BY NATHAN DUKE
This month marks the 52nd anniversary of Guyana becoming an independent nation.
The British had assumed control of Guyana from the Dutch in the late 1700s, but it wasn’t until May 26, 1966 that Guyana’s Golden Arrowhead replaced the Union Jack. The Caribbean nation went on to become a republic on Feb. 23, 1970 and remained a member of the Commonwealth.
The United States has the largest population of Guyanese people outside of the Caribbean nation and a vast majority of Guyanese immigrants live in the American northeast. Some of the largest populations can be found in Richmond Hill, Flatbush, various upstate New York communities and parts of New Jersey. In New York City, sections of Richmond Hill and Ozone Park are known as “Little Guyana” due to a stretch of stores and eateries operated by Guyanese immigrants.
To celebrate the 52nd anniversary of Guyana’s independence, our sister-publication the Queens Tribune profiled four prominent persons of Guyanese descent, displayed below.
Guyana’s independence celebration kicked off in the city on Sunday with an interfaith service in the Academic Core Building at York College in Jamaica. In Brooklyn, a celebration of the anniversary will run from June 3 to 10 and include a flag-raising ceremony, independence parade, unity concert, festival and cup soccer tournament.
Harris-Stoute was born in Guyana and migrated to the United States in 1993. In 2012, she launched —Guyanese Girls Rock—a blog that celebrates the accomplishments and achievements of Guyanese women across the globe. The blog gew into, Guyanese Girls Rock Foundation, a Queens-based nonprofit that kicked off its leadership academy in January at the Queens Central Library. On June 23, the foundation is hosting its first major fundraiser—the Guyanese Girls Rock Foundation Awards and Luncheon, which will honor 10 women from the Guyanese community with Women of Influence awards.
Linda McPherson, a native of Georgetown, Guyana, arrived in Brooklyn as a teenager accustomed to small-town life. She quickly adapted to New York City’s pace and over the course of two decades has risen through union ranks to become president of District Council 1707 of the American Federation of State, County and Municipal Employees, overseeing 30,000 members in the Tri-state area. McPherson directly credits her success as a union leader to her upbringing in Guyana, where the community base was very strong, much like a union community.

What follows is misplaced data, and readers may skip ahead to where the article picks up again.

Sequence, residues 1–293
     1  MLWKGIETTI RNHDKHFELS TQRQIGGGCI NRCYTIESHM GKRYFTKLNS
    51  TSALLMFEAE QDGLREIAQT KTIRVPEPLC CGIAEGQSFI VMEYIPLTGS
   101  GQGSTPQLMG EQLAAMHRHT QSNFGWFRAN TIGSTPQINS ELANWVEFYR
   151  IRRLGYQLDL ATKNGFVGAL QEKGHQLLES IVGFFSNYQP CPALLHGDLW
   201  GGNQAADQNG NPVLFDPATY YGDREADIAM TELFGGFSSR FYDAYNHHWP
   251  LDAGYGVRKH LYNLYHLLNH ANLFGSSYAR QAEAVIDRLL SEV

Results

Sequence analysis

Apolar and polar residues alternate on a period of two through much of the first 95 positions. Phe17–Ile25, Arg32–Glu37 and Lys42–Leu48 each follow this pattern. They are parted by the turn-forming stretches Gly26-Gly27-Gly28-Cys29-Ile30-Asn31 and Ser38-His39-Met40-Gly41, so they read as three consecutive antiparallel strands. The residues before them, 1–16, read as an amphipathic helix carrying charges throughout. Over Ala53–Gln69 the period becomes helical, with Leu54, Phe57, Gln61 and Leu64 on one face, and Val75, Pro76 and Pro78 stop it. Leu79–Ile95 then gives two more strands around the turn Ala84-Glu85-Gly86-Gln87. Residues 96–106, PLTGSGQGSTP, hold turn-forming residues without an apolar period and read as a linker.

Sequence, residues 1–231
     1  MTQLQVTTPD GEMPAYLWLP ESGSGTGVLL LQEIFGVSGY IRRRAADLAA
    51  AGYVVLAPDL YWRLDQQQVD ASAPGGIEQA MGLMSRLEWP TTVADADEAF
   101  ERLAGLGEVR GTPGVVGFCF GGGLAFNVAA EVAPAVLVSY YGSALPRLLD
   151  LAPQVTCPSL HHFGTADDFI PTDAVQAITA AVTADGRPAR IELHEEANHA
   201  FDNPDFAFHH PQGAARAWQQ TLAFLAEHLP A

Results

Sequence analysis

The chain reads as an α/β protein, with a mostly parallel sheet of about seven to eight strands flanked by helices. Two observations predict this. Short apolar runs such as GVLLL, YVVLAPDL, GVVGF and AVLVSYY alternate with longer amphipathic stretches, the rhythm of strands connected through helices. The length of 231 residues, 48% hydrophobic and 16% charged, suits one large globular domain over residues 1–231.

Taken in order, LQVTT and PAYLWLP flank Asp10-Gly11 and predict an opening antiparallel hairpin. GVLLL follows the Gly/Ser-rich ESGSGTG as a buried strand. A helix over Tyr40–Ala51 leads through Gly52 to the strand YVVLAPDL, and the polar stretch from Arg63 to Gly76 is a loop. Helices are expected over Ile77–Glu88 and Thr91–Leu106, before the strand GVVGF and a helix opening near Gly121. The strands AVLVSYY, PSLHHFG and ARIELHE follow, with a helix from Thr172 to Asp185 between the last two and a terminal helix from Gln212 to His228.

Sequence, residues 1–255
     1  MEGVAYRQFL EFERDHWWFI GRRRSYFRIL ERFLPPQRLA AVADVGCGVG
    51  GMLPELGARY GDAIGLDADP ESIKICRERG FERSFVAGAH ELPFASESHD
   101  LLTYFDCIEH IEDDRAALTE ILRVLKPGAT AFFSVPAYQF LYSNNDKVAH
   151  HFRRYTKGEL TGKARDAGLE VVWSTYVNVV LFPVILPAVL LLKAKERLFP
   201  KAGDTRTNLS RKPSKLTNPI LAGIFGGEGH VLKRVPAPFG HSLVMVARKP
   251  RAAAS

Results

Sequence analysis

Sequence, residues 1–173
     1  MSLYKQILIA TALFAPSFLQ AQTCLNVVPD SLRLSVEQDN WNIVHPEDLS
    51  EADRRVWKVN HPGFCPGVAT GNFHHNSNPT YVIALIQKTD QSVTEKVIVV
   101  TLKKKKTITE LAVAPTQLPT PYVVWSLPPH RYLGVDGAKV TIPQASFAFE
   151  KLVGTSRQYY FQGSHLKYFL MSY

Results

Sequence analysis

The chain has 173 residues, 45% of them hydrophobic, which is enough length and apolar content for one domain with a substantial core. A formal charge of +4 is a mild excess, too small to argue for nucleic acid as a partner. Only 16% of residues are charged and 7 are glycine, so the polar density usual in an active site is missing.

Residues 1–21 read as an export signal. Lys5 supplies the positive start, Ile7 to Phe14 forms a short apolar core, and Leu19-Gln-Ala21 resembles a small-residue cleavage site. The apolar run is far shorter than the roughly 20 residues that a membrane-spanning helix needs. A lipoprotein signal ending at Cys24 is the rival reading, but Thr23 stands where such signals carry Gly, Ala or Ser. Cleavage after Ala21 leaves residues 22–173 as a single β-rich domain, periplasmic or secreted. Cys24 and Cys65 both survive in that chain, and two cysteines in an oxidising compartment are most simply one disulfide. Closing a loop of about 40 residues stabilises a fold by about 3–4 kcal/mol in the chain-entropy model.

Persaud, who goes by “Ray,” migrated from Guyana to the United States in 1973 at 9 years of age, due to political corruption in his home country at the time. In his 54 years of life, Persaud worked in careers ranging from piloting, to car service, to billing. Since 2009, Persaud has dedicated himself to working for the city’s Department of Corrections, all while serving his fellow South Asian community by acting as the vice president of the DESI Society.
In 2018, Lall-Ramnaraine was awarded the Faculty Excellence in Scholarship award at Queensborough Community College, a milestone in her career researching and designing ionic liquids–liquid salts. The compounds are used in sustainable energy products like longer-lasting lithium ion batteries. After graduating from the University of Guyana in 1995, she settled in Queens and went on to receive a master’s degree in chemistry from Queens College and then a Ph.D. in analytical chemistry from the Graduate Center of the City University of New York.